Does Your Child Have Vision Problems? A Guide to Being a Knowledgeable, Supportive Parent
Understanding the diagnosis, getting the right help and being an advocate in school are critical.
If you’ve noticed that your baby or child isn’t seeing normally (or a doctor or teacher has alerted you), you are certainly not alone. One in 20 preschoolers and one in four school-age children have vision problems, according to the American Academy of Ophthalmology.
The issues of having a special needs child cross over many disabilities and include taking care of yourself, talking to friends and relatives about the issue and most importantly, being a strong supporter for your child. In this article, we’ll deal with the specific concerns of children who are visually impaired and how you can help most.
Types of Visual Impairments
It is important to get your child’s vision checked immediately if you suspect something is wrong. That’s because so much of the way we learn is visual. Children with visual impairments often must learn differently, using their other senses of touching, listening, smelling, tasting and moving, plus whatever vision they have, according to the Center for Parent Information & Resources.
Your child’s visual disability may range from mild to severe. According to Webmd.com, these are the most common types of vision problems children have:
- Nearsightedness (myopia) is difficulty seeing distant objects. Glasses or contacts are usually the solution.
- Farsightedness (hyperopia) is difficulty focusing on close objects. Glasses or contacts usually help.
- Astigmatism is a flaw in the curvature of the cornea, causing problems focusing. Glasses are usually recommended.
- Strabismus is when the eyes are out of alignment. Patching the eye can help or surgery may be recommended.
- Amblyopia or “lazy eye” means vision in one eye is reduced. Patching or eye drops usually are recommended.
- Ptosis is drooping of the upper eyelid and often requires surgery.
- Cortical visual impairment is a result of a brain issue (not enough oxygen to brain during birth, a brain injury or infections like encephalitis or meningitis). This can lead to temporary or permanent vision impairment and blindness.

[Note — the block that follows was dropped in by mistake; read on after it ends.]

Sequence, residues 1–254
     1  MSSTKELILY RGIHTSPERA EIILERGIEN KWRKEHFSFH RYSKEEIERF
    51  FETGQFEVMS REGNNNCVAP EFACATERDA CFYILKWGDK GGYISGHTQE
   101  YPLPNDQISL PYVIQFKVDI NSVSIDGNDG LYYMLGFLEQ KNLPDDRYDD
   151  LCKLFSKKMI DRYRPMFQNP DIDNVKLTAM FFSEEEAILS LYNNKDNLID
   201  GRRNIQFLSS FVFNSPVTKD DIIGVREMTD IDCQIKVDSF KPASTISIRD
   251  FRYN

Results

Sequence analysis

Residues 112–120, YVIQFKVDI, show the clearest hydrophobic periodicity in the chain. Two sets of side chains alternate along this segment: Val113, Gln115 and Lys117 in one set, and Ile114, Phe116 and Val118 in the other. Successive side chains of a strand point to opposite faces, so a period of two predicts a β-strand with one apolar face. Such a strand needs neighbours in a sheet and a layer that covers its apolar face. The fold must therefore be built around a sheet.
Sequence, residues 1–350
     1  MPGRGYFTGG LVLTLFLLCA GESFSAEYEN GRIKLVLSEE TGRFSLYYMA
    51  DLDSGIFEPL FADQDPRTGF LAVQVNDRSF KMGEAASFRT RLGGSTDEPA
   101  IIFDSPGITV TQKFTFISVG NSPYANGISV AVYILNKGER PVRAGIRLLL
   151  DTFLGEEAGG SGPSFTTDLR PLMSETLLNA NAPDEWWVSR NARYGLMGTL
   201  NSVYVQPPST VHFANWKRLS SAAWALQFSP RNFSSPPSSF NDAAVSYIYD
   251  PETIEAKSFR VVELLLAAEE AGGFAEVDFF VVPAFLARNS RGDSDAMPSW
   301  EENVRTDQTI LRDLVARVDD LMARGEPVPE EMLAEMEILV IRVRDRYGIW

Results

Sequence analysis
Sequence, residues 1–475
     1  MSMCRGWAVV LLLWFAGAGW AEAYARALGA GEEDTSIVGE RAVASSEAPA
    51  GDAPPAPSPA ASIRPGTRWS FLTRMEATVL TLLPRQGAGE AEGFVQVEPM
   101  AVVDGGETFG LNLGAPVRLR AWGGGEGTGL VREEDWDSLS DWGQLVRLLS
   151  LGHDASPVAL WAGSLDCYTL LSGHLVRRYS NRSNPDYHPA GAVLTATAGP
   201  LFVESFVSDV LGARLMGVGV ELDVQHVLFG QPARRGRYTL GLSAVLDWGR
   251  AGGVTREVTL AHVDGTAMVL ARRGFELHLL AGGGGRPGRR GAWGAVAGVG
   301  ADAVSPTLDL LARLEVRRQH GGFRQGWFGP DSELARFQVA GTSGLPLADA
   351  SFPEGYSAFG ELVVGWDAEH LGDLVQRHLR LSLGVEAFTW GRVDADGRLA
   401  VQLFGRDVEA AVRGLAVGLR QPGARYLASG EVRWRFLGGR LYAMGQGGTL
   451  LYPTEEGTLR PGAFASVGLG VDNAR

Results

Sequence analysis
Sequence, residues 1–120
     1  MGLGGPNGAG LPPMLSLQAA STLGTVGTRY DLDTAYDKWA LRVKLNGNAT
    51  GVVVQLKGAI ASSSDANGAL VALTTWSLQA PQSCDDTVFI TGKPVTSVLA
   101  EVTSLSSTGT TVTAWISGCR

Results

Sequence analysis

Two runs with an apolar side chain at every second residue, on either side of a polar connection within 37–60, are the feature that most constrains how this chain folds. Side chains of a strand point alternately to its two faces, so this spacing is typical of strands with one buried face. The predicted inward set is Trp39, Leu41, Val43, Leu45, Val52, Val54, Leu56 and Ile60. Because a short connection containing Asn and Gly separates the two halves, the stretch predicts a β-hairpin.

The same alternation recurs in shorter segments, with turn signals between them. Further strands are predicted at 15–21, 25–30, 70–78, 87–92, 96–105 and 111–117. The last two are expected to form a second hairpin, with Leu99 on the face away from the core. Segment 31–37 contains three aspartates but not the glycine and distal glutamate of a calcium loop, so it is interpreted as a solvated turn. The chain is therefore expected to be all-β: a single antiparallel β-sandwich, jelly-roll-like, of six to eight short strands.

- Retinopathy of prematurity occurs in premature or low birth-weight babies and can mean permanent vision impairment or blindness.
- Albinism (the genetic condition affecting pigment of skin) can cause vision problems.
- Genetically transmitted visual impairments, such as infantile cataracts (cloudy lens) or congenital glaucoma (damaged optic nerve) run in families and can cause vision loss.
What You Should Do
Here’s a checklist of general steps to help your visually impaired child:
- Learn everything you can about your child’s particular condition, options for treatment and education.
- Understand that your child may learn differently—and sometimes more slowly—because s/he is receiving information in a different way than children who can see clearly.
- Adapt your home to make it safe and functional for someone with vision loss.
- Encourage your child’s independence by letting him or her do things themselves instead of doing it for them.
- Build a support system including medical professionals, educators, family, friends and other parents of visually impaired children.
- If your toddler or young child needs glasses, make sure you get ones from a reputable eye doctor that fit properly and don’t pinch. Have the child wear them for short periods of time at first and make the glasses part of the routine (put on in the morning, take off at bath and bedtime). Be patient.
- Get help. The National Association of Parents of Children with Visual Impairments, part of the American Federation for the Blind, offers referral and support services in most states.
For children under 3, support is available through the federal Program for Infants and Toddlers with Disabilities. This program helps states set up early intervention initiatives. The state programs are usually housed in education, health, human services or rehabilitation departments and will provide you referrals to local programs.
Under the American Individuals with Disabilities Education Act, visually impaired children in public schools are entitled to support for any learning disabilities or concerns because of their disability. But parental involvement is often needed. Most children who are blind or visually impaired attend regular public schools but there are special schools available for children with visual disabilities. There are also schools for the blind that offer summer camps and recreational activities specifically aimed at children with significant visual impairments.
In the school or daycare system, experts recommend:
- Being in constant contact with your child’s teachers and administrators and making sure s/he is getting the right accommodations.
- Getting a second opinion from a learning specialist if you don’t think your child is thriving.
- Ensuring your school or daycare center (and your home) has appropriate books with either Braille or larger images (depending on the visual disability). Visually impaired children should not be denied the joy and importance of reading.
Written by Barbara Frankel for Working Mother and legally licensed through the Matcha publisher network. Please direct all licensing questions to firstname.lastname@example.org.